A black bear was caught in a forest recreation area Sunday and was being sent to a veterinary school to determine if it was the same animal that attacked a family, killing a 6-year-old girl.
Authorities found a bear in the same trap where they detected paw prints on Saturday in the remote Cherokee National Forest Chilhowee Recreation Area, U.S. Forest Service spokeswoman Sharon Moore said.
The bear, which was captured near the site of the attack, looked to be the same weight as the 350- to 400-pound bear that attacked a mother and her two children on a trail in the recreation area on Thursday, she said.
"We're very hopeful this is the bear," Moore said. "It's basically the same size bear. There's truly not that many bears in the 5,000 acres we have closed off."
Moore said authorities planned to euthanize the bear on Sunday and send its body to the University of Tennessee's College of Veterinary Medicine in Knoxville, Tennessee, to determine whether it was the one that had attacked the family.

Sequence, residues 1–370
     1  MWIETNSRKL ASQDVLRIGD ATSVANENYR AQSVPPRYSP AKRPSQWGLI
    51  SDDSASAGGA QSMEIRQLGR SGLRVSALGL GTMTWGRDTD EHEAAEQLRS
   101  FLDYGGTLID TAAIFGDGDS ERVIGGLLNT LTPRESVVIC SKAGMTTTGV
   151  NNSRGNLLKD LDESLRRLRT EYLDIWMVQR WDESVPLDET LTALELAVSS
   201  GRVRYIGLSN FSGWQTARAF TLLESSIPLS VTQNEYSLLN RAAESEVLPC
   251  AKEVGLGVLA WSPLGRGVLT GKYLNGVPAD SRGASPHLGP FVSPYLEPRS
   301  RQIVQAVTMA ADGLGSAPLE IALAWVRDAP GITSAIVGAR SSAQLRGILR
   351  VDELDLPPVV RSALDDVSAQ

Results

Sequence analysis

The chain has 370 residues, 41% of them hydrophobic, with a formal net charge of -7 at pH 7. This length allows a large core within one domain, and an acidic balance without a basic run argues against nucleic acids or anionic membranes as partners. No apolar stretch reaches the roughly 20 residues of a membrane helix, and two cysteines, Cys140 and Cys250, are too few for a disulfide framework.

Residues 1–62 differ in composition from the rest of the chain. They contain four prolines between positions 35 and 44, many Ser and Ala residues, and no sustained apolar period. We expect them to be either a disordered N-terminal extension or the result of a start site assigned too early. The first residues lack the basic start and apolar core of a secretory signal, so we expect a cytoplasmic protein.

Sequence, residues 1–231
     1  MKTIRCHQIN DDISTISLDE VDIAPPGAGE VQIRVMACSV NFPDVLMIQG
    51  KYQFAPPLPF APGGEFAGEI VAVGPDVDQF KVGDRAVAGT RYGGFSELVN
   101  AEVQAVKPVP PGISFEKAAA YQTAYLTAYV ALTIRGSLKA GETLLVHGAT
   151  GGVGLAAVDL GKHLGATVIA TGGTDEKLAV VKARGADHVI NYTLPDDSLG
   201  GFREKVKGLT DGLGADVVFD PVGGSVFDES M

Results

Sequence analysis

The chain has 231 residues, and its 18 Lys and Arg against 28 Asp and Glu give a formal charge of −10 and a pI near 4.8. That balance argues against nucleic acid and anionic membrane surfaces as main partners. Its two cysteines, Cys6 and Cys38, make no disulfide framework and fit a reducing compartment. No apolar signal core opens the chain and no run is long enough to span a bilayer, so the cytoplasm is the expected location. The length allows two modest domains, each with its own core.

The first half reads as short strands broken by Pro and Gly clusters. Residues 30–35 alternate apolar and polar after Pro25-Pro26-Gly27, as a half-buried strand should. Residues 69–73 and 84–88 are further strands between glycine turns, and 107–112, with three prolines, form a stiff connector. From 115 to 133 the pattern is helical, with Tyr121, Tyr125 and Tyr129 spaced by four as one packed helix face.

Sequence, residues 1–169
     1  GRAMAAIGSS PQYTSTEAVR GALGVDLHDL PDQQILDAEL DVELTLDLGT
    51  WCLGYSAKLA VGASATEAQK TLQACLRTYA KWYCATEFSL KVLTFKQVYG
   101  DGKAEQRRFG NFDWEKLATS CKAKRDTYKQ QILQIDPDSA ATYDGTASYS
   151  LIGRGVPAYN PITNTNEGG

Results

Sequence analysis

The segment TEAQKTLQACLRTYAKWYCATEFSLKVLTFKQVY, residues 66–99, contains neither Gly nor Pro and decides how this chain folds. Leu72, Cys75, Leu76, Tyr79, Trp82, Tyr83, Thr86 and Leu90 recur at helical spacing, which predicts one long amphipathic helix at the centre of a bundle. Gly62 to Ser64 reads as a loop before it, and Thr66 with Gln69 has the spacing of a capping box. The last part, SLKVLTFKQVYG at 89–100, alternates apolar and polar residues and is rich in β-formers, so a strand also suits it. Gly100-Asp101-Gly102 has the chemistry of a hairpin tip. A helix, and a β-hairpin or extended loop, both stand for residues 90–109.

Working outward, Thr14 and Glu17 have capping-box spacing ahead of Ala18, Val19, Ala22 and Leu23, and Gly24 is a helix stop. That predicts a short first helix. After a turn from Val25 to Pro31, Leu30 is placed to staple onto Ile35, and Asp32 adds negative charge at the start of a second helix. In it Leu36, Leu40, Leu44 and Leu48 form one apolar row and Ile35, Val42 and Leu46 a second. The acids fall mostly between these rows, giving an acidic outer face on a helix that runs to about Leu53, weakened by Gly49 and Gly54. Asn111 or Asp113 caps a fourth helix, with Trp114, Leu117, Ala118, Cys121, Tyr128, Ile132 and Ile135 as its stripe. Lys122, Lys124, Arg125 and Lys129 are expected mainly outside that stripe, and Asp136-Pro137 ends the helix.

Animal experts plan to compare the bear with hairs that were shed during the attack, said Bob Miller, a spokesman for Cherokee National Forest and Great Smoky Mountains National Park. They also will look for gunshot wounds since the bear that attacked the family was shot.
A bear Elora Petrasek Thursday afternoon as she and her family were leaving a waterfall pool on a rugged, 1,800-foot-high mountaintop, about 10 miles from the nearest highway.
The bear bit the girl's 2-year-old brother, Luke Cenkus, on his head and punctured his skull, officials said. Their mother, Susan Cenkus, 45, tried to fend off the bear with rocks and sticks but the bear attacked her, dragging her yards off the trail.
Her 6-year-old daughter apparently ran away and almost an hour passed before a rescuer found her body about 100 yards off the trail with the bear. The man said he shot twice at the bear with a pistol before it ran away.
Luke Cenkus was in fair condition and their mother remained in critical condition, hospital officials said Sunday. Doctors said they expected both to recover.
The family from Clyde, Ohio, had stopped at the forest recreation area Thursday while they were in the area to visit Susan Cenkus' eldest son, a music student at Lee University in Cleveland, near Chattanooga, Tennessee.
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